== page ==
Having been awarded its Babcock Scholarship, he entered Wake Forest’s law school as a combined degree student in 1963 after his junior year in undergraduate school, graduating magna cum laude from undergraduate and cum laude from law school.  He later received a graduate law degree from Columbia University, which he attended as a Dayton Hudson Fellow.

Leary and Joy returned to Zebulon in 1967, where they started their family and he established law practices there and in Raleigh, as a solo practitioner and in partnerships with his father and with lifelong friends.  He assumed a community professional role as North Carolina began to experience rapid economic and population growth.  Among numerous civic engagements, he served as chair of the Board of Deacons of Zebulon Baptist Church, president of the Rotary Club, Town Attorney, Chamber of Commerce director and industry recruiter, precinct chair and member of the N.C. State Democratic Executive Committee.

A creative innovator in law practice, legal education, and local government, he was proud of the role he played in the establishment of the Wake County Public Libraries, which he later chaired.  Following the failure of two bond issue votes to establish a county library system in the 1960s, Leary served as chair of an expansion committee for the Olivia Raney Trust.  He devised a system to be financed jointly by the county and the eight municipalities that operated libraries.  Municipalities with libraries agreed to furnish facilities open at least 40 hours a week and personnel to staff them.  The county agreed to fully furnish, over a five-year period, and then to maintain, books and materials at levels suitable for central, regional and community libraries, as well as personnel to perform county-wide functions for all libraries, such as cataloging.  All contributions would qualify for state and federal matching funds, previously limited to Raleigh’s and the county’s contributions to Olivia Raney. All entities agreed, and the system was so satisfactory that the county eventually assumed total responsibility without the necessity for bonds.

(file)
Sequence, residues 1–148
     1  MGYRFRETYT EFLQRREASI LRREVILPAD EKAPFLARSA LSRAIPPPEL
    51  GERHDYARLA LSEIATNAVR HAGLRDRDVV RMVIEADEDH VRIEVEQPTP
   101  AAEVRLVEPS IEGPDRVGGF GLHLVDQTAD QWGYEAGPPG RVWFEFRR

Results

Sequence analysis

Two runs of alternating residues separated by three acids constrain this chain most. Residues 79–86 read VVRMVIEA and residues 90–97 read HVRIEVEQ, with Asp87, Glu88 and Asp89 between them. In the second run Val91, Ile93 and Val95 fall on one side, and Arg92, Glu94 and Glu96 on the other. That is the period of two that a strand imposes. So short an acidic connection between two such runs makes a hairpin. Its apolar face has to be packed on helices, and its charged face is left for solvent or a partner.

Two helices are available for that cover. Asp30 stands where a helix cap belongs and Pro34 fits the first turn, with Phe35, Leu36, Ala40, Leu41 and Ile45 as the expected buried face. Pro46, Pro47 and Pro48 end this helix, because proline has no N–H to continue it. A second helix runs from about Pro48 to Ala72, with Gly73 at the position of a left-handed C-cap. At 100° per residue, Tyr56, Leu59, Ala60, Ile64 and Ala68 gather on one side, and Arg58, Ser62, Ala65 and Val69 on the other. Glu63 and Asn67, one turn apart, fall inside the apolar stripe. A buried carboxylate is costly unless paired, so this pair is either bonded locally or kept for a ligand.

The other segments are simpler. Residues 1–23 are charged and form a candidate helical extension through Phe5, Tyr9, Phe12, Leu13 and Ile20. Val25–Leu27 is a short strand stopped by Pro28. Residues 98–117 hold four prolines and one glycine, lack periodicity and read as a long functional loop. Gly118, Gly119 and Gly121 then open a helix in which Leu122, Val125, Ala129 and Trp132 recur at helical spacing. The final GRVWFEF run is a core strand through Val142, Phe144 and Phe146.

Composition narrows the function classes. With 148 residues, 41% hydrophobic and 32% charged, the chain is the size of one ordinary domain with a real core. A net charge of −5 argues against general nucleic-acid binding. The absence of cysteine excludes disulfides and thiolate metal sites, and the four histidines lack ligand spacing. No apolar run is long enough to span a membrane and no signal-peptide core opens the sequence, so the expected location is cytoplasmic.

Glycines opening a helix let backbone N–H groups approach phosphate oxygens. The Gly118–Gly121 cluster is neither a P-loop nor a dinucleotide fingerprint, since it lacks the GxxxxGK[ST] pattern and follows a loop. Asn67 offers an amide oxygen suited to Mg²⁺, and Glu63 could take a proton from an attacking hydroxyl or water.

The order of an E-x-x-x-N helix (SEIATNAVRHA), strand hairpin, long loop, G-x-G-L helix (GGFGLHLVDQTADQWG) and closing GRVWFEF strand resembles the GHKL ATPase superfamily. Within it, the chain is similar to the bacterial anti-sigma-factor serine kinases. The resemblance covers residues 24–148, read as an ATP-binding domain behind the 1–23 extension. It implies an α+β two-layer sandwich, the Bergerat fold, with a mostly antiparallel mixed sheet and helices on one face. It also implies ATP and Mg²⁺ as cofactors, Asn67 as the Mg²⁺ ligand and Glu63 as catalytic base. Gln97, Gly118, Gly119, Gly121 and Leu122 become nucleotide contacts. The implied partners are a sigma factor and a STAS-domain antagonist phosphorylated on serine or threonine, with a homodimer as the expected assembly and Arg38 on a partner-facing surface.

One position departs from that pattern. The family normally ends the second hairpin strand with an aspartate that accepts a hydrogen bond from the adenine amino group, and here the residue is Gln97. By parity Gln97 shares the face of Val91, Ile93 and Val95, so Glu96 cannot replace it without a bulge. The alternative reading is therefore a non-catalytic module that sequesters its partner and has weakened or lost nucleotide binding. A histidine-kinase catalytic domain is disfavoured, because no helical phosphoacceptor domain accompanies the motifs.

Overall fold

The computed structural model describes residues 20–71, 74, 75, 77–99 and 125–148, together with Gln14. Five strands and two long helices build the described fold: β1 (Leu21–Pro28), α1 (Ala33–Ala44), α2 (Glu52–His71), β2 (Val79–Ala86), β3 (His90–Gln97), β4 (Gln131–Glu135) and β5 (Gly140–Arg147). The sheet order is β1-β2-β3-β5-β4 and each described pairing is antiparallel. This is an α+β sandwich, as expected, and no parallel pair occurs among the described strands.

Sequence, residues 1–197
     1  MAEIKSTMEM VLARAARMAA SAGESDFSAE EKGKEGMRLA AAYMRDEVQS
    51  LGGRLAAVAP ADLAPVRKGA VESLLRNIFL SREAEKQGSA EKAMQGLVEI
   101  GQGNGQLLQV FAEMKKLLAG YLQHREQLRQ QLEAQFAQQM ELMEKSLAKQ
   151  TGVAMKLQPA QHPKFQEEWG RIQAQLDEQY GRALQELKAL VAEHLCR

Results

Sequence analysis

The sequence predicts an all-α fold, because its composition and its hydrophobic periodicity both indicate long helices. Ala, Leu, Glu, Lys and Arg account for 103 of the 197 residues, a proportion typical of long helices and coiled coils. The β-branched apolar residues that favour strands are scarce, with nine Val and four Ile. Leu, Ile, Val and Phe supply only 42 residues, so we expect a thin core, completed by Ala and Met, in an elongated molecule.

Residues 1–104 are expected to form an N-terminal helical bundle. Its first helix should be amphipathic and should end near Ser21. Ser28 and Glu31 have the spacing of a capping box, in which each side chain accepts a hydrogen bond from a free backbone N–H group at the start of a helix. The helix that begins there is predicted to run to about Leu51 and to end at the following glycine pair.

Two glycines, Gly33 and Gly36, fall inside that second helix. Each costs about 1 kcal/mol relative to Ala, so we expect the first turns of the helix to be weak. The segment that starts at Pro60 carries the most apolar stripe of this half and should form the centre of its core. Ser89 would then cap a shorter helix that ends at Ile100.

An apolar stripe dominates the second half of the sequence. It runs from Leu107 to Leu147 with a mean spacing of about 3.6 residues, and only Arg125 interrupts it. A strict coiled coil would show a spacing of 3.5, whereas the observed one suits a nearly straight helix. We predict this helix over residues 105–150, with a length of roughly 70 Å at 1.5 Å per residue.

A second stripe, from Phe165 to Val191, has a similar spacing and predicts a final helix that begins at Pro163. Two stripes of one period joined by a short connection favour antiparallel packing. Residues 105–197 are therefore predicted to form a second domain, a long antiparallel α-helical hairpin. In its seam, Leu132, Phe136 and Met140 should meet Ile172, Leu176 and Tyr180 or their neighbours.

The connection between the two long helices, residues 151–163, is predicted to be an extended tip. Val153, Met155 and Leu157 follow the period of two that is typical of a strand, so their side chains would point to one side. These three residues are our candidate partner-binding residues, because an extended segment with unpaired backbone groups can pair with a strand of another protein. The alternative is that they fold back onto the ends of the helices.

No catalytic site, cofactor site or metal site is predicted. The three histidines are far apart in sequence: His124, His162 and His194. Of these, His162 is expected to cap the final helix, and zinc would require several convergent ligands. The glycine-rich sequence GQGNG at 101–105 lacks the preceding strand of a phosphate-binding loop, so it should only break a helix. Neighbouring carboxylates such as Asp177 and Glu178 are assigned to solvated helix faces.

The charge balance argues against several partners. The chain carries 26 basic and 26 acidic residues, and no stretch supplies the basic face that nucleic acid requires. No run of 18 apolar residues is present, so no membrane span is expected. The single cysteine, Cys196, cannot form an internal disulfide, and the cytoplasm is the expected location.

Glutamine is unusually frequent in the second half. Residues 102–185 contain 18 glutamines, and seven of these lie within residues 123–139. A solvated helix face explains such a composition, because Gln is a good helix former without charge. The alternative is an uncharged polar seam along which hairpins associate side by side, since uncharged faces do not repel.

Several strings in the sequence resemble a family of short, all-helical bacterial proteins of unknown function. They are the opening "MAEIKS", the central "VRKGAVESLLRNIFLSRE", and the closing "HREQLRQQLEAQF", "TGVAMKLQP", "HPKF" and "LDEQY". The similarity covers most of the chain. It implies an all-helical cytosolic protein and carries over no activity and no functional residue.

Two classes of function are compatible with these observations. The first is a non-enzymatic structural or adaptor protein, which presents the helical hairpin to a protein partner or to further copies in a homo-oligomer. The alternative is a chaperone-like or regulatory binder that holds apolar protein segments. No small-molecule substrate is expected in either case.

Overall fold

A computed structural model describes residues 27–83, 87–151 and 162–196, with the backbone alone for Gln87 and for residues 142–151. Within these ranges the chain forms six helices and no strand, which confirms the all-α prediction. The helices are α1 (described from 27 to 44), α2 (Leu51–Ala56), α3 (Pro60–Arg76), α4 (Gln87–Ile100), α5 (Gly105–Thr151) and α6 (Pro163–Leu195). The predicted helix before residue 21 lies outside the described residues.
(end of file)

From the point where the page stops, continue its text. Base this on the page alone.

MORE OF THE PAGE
In 1975 Leary was surprised when his former law professor, Campbell College president Norman Wiggins, asked him to become founding dean of what would become Campbell’s new law school.  At the time there was a substantial undersupply of lawyers nationally, but particularly in N.C., by far last in the nation in lawyers per capita.  Leary was given the opportunity to design and implement a program of legal education and to recruit a faculty that met the needs of law students and the publics they would serve.  The school started a year ahead of schedule, and in 1979 its charter class had the second highest bar passage rate of all five N.C. schools, only .2 of a percentage point from first.